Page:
Canon 5D MkII Audio for video and film production
So, along with all of the benefits of the HDSLR craze there are of course a few drawbacks, audio being one of them. Good audio can be achieved but it is not the ideal setup nor does it inspire much confidence in what you’re laying to card. I’ve been sending audio to my Canon 5D MkII with very good results and have had no problems in post on the projects I’ve been working on lately but that’s really not the point regarding this process. Ultimately you (or your client) have to decide how important audio is to production. Considering the costs associated with video and film production running backup audio should be standard practice. There’s too much at risk to put the quality of your production and your reputation on the line by hooking up your audio mixer to a 5D MkII or similar with a $2.00 mini cable from the drug store. Or worse yet the one that’s been balled up in the bottom of your computer bag that you use to hook up your iPod to the stereo in your rental car.
There are many options available to backup your audio. Most of the time I operate believing that the audio captured in-camera will be problem free. Under these pretenses I roll a flash recorder with no timecode sync or clapping so the audio is available just in case everything else goes wrong.
If you did have to use backup audio, syncing is not as big of a problem as it used to be with software like Plural Eyes. This FCP plug in allows you to sync multiple sources without timecode, video and audio, as long as there is some sort of scratch track on each source. It compares the audio signals from the different sources and automatically syncs them. This is a great tool for productions shooting on the 5D. With just the built in camera mic or preferably a reference audio track of some sort you can sync your audio recorded by your sound recordist without the extra steps of slating and clapping.
One of the biggest annoyances I have when doing sound with the extremely broad range of cameras available now is the lack of familiarity with how each camera processes audio. I’ve fed audio to just about every professional camera made (see credits) but with all the options and layers of menus it’s difficult to be 100% confident in the product being recorded. Confidence is paramount during film and video production and this is why the extra step of dual system audio can ensure your project gets completed without issue. Even the most experienced sound engineer can’t guarantee problem free audio when sending audio from his $2,000 microphone to his $3,000 mixer through the $2.00 iPod cable. With cameras progressively moving away from a standardized audio input section, dual system acquisition appears to be here to stay and you should get familiar with how you can make the workflow work best for you.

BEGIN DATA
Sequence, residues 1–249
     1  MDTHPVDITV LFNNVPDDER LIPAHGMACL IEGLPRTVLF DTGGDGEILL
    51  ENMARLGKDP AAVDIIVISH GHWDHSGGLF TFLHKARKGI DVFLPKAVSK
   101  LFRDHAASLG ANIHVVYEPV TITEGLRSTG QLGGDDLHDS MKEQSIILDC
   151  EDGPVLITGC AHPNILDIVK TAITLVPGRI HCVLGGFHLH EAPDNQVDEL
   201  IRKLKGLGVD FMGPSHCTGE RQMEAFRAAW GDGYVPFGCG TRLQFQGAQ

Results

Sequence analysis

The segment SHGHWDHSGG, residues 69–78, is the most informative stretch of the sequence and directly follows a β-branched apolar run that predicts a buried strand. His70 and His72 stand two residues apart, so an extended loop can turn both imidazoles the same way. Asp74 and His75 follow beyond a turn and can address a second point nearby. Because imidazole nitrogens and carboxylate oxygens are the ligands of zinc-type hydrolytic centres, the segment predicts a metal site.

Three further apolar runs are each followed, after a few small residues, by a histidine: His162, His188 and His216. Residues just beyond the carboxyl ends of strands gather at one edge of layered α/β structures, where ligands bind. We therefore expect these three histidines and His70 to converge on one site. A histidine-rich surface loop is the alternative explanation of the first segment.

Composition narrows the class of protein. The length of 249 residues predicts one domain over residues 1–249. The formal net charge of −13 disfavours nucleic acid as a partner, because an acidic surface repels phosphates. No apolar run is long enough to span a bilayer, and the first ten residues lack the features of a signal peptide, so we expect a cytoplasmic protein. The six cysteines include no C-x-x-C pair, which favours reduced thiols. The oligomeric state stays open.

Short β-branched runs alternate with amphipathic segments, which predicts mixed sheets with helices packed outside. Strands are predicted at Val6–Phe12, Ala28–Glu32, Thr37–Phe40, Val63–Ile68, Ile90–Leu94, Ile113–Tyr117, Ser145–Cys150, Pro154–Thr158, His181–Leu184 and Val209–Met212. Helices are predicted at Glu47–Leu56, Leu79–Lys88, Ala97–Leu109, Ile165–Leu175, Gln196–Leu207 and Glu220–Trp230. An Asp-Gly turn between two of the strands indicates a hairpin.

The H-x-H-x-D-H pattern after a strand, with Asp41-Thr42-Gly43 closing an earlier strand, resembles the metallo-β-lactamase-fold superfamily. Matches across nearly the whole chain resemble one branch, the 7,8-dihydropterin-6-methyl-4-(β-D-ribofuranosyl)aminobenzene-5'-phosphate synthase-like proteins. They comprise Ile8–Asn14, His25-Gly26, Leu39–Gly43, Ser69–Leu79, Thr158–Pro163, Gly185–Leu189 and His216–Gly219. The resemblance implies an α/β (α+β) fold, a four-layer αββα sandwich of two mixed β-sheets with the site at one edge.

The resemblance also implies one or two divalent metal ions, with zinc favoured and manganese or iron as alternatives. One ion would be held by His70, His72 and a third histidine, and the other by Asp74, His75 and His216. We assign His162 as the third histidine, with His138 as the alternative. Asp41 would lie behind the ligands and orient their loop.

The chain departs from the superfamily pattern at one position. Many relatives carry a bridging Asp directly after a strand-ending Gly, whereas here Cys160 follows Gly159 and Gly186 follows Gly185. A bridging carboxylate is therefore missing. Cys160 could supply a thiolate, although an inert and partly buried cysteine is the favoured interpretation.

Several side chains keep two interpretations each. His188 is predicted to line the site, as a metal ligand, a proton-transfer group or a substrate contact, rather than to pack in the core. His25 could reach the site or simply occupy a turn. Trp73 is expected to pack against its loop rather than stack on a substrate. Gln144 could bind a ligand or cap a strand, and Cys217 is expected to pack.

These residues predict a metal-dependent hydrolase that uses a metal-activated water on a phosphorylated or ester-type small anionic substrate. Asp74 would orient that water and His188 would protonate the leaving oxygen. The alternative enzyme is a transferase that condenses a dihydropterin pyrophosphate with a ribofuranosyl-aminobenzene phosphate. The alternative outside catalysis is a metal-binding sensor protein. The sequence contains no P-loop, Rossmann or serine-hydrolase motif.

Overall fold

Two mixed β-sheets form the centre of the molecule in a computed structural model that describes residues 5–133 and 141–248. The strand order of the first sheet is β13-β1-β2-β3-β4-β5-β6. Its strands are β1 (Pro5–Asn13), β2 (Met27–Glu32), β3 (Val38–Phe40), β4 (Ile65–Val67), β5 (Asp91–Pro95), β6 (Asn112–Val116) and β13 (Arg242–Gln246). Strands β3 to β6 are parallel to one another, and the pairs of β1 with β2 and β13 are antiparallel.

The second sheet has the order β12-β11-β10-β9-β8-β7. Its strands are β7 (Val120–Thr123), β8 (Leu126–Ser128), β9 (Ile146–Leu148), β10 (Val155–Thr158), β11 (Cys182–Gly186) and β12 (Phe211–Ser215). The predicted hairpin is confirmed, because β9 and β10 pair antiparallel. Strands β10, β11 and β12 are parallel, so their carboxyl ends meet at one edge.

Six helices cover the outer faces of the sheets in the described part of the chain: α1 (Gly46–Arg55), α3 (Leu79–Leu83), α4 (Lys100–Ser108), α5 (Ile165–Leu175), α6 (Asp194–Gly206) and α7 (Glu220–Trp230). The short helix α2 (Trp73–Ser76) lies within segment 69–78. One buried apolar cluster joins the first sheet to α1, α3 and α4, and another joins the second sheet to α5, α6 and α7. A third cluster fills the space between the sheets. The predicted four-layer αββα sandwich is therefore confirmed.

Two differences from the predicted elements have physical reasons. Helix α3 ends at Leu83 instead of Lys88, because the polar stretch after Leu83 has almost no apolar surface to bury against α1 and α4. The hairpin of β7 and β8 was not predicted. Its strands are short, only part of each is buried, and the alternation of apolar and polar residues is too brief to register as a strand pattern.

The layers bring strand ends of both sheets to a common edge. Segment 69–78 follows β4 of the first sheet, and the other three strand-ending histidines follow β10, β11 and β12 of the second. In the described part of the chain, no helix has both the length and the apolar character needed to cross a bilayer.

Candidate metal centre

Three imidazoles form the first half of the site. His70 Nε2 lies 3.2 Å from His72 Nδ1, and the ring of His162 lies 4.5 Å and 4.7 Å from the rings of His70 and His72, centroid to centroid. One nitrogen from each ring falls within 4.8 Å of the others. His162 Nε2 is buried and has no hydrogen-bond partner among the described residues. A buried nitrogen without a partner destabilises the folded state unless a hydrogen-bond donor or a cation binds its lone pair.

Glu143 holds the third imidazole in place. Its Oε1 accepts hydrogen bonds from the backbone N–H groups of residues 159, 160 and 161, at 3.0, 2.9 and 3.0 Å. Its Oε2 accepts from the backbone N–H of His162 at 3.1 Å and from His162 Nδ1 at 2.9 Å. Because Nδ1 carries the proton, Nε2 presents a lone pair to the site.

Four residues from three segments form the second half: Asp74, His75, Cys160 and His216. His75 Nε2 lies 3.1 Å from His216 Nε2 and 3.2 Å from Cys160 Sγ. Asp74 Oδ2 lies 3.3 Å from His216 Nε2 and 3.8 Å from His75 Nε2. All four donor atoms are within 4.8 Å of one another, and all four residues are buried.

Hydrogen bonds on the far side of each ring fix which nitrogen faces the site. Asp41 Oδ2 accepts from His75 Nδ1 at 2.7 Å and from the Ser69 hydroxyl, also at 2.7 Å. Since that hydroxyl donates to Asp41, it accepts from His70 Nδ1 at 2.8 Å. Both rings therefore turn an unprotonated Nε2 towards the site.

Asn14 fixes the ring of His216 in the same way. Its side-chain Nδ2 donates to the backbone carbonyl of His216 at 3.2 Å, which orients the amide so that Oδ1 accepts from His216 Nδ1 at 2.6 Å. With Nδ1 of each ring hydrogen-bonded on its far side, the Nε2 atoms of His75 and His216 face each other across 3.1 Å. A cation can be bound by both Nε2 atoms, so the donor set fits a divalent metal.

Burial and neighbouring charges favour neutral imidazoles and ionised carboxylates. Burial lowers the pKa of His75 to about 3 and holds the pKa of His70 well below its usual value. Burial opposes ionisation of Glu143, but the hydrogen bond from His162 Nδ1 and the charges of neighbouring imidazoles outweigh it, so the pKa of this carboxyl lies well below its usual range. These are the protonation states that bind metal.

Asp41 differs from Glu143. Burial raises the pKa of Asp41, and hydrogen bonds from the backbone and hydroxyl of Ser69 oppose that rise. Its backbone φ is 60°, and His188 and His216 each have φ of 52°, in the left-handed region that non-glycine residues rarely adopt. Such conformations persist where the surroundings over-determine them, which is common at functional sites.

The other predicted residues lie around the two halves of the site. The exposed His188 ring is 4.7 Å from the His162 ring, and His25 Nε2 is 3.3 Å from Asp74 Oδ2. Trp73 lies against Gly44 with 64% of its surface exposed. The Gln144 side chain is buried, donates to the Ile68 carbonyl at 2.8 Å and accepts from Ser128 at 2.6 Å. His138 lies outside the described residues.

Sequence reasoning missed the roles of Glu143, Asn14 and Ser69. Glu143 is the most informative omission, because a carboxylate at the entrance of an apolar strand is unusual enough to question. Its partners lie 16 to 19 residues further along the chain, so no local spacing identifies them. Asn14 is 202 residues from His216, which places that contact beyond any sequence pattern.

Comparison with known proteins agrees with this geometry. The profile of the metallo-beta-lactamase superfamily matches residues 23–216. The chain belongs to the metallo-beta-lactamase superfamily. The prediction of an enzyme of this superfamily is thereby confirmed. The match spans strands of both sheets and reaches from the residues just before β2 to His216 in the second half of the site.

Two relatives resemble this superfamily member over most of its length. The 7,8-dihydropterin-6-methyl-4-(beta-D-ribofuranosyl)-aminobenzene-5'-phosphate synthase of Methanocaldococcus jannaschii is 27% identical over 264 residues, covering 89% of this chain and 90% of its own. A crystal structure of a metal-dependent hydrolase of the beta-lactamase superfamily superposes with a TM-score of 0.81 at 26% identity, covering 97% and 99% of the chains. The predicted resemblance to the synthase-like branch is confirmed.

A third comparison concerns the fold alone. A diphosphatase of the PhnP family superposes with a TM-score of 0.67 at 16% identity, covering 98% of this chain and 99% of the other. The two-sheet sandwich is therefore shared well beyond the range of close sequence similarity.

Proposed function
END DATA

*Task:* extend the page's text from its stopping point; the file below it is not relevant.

Sound Devices has a nice article with all the tech specs about sending audio to a Canon 5d MkII. You can see it here.
Another thing I would recommend when sending audio to a HDSLR is to listen to a test recording from the flash card after it’s been transferred to a computer when your setup is totally finished and you are ready to roll on your scene. In addition to the insecurity of using the $2.00 cable another thing that the Canon 5d MkII lacks is the ability to record balanced line-level signal. The reason to check a recorded sample just before your scene is to ensure that no electrical interference is passing from your lighting, ballasts and monitors into your mic-level audio cable. Since there is no way to confidence monitor the audio being recorded the next best thing is to listen to a test after every light and cable is placed. Listening to a test from the built in speaker may not allow you to hear this type of interference if present.
Lastly, as is always good practice with audio, make sure that your audio cables are running as independently as possible from the mixer to the camera. NEVER travel audio cables parallel to power cables, avoid Ballasts like the plague and as much as possible keep your audio away from anything else with a current;)